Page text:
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Date of Issue: March 04, 2009

TDC approves increasing bed tax 1 cent

The cost of renting an accommodation unit in Manatee County appears headed up effective May 1.

The Manatee County Tourist Development Council at its Feb. 23 meeting unanimously approved a recommendation to the county commission to increase the county’s resort tax from 4 cents per dollar to 5 cents per dollar.

Bradenton Area Convention and Visitors Bureau executive director Larry White presented a variety of possible projects for the additional funds, including improvements to pavilions at Coquina and Manatee public beaches.

Manatee County Commissioner Carol Whitmore, in her first meeting as the TDC chairperson, suggested the additional funds also would ensure a full beach renourishment when the next project begins in 2011 or 2012.

Public support for the increase came from Bernie Desear, who said he spoke on behalf of the many people interested in developing downtown Bradenton for the arts and culture. Desear said he supports the 1 cent increase, but would like to have a specific amount for arts and culture improvements dedicated in the next TDC budget.

Other members of the public also supported a dedicated amount for the arts.

 Nancy Flynn said studies have shown that people who go to a destination for arts and culture stay a day longer than their vacationing counterparts and spend, on average, an additional $120 per person per day.

If approved by the county commission, the earliest the increase could take effect is May 1, said White.

Manatee County administrator Ed Hunzeker said he and White will meet within the next 60 days and iron out a “draft budget” for the TDC that will be presented at the TDC’s April meeting. The draft budget will reflect a 1-cent increase in revenues from the resort tax, often called the bed tax, if the county commission approves.

It’s an increase that can’t come too soon, White noted.

Statewide, destinations such as Orlando and Miami are down “double digits” in bed tax revenues. Manatee County, however, is faring a little better, he said, but bed tax revenues last fall (October, November and December) were down 7 percent compared with the same months in 2007.

“We can’t be down in the February to May season, or there will be a big budget issue,” White predicted. “Money is the issue.”

White said he asks the BACVB financial officer every day if there are “any more beans in the jar” for TDC revenues. A bed tax increase will go a long way to increasing the number of beans, White said.

TDC member David Teitelbaum voted for the measure, saying the county has to have the money for the next beach renourishment cycle.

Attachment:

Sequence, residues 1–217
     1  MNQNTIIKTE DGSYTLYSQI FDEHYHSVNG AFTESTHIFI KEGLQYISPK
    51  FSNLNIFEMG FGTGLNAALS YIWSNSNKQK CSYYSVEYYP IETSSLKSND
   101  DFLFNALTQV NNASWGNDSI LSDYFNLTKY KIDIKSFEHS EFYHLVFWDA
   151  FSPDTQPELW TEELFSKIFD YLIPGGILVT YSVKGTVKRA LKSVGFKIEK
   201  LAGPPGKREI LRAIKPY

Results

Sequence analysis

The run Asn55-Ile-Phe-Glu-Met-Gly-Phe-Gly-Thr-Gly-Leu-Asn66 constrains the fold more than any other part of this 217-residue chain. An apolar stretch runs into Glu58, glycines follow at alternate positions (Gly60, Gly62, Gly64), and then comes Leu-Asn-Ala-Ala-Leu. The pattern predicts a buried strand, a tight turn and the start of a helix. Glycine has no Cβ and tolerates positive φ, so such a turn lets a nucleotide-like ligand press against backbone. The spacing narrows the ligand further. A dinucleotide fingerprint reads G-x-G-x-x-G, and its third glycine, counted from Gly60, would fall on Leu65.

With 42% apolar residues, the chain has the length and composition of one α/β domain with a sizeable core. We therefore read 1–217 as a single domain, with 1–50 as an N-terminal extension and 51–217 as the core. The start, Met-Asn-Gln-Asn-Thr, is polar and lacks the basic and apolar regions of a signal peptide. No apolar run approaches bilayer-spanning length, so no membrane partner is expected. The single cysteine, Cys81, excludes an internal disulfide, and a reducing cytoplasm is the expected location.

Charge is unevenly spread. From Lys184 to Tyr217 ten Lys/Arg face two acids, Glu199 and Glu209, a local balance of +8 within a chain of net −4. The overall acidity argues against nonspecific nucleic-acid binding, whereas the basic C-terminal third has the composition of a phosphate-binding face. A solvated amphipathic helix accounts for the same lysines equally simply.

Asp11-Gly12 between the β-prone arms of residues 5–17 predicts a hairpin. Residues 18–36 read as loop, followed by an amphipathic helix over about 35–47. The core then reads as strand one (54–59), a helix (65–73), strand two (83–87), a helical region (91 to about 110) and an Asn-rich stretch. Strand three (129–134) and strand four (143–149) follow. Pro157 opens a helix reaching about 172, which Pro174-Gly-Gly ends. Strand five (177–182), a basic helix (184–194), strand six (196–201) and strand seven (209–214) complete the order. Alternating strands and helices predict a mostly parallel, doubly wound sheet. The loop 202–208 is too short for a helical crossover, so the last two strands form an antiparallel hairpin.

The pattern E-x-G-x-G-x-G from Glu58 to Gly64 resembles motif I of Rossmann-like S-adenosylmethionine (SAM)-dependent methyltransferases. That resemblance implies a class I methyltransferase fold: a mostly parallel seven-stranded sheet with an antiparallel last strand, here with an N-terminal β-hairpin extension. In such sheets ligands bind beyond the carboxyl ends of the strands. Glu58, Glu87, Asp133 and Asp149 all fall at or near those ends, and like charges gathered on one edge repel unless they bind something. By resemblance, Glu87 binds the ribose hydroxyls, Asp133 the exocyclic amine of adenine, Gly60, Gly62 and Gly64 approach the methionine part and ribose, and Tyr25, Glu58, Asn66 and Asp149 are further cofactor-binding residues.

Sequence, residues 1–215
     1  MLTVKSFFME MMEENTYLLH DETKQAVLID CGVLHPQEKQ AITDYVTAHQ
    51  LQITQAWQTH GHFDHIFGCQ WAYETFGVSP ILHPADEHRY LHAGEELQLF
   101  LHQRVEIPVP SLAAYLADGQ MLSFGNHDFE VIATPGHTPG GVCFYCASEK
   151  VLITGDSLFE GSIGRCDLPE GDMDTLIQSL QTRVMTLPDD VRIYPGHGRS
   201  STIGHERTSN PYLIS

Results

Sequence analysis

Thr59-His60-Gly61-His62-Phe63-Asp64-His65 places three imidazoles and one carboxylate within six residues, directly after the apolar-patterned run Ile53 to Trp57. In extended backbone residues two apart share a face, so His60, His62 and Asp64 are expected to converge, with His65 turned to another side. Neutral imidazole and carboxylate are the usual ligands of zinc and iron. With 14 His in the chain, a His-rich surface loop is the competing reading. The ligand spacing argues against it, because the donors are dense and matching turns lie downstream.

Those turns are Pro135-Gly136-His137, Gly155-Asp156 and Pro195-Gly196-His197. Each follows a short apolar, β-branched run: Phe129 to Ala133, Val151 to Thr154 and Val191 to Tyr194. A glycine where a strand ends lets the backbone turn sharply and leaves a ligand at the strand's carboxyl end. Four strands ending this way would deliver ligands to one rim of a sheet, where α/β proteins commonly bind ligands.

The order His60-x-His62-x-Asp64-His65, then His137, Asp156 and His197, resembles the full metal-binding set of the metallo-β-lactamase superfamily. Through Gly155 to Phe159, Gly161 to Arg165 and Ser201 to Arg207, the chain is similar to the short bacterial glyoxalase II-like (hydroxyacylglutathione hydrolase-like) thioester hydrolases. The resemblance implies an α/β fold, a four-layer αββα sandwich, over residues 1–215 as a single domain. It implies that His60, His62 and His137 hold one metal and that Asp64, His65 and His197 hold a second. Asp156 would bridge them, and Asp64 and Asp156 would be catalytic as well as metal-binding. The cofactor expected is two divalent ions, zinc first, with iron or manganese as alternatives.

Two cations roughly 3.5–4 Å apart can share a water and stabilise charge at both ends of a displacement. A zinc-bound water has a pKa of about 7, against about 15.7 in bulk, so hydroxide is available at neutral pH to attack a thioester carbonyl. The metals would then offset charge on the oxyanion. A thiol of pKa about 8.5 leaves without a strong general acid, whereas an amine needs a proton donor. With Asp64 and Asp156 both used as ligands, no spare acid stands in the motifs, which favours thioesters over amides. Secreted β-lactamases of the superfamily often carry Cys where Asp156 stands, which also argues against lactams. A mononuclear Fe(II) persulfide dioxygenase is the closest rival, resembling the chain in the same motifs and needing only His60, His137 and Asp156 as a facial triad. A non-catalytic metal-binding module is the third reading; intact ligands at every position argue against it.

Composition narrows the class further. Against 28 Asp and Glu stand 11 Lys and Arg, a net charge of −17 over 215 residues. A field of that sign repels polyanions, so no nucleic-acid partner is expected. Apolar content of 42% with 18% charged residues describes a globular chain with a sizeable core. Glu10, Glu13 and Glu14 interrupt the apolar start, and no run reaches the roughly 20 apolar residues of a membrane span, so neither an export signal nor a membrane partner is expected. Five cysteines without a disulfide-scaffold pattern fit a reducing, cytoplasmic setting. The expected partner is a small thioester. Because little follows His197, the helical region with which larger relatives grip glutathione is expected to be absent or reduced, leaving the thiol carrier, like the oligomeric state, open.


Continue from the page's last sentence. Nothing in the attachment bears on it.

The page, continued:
But the TDC-funded convention center is hurting for major conventions due to the lack hotel rooms nearby, Teitelbaum said. He suggested one way to make the convention center more attractive might be to convert nearby condominium developments sagging in sales into hotels.

Teitelbaum, who owns the Tortuga, Seaside and Tradewinds motel-resorts in Bradenton Beach, said one such condominium project — the Palms at Riviera Dunes — has a number of empty units and the project developer might be receptive to such a conversion. He said he would talk to the condominium developers to determine if there exists a level of interest and report back to the TDC.

But he also said it’s time for the county to take back funding of the Manatee County Convention Center. The county commission shifted the convention center funding to the TDC two years ago, a move that has not been popular among TDC members.

“It’s a county asset, not the TDC’s,” Teitelbaum said.

Hunzeker promised to look into the issue and acknowledged that, at a minimum, the convention center is a “shared asset.”

He added that a number of tourist assets are “long in the tooth, and now is the time to spend some money on them.”

The convention center annually costs the TDC about $900,000, money that could be better spent in marketing and advertising, Teitelbaum said.

In other business, Whitmore brought up the recent closing of the pier at Manatee Public Beach and the cost to repair or replace the pier.

She said some county commissioners “wonder why not tear it down and build it later.”

Whitmore, however, disagreed with that view.

The public pier is a draw for tourism and is extremely popular, she said.

 Whitmore said the Manatee Beach pier issue will be on the county commission’s March 3 agenda for discussion and a vote to either repair, replace, or demolish and leave an empty space.

Manatee County natural resources director Charlie Hunsicker has recommended that funding for either a new pier or replacing the current structure come from TDC revenues.

Whitmore said the TDC has about $1.4 million for a new pier, but the remainder would have to come from the county.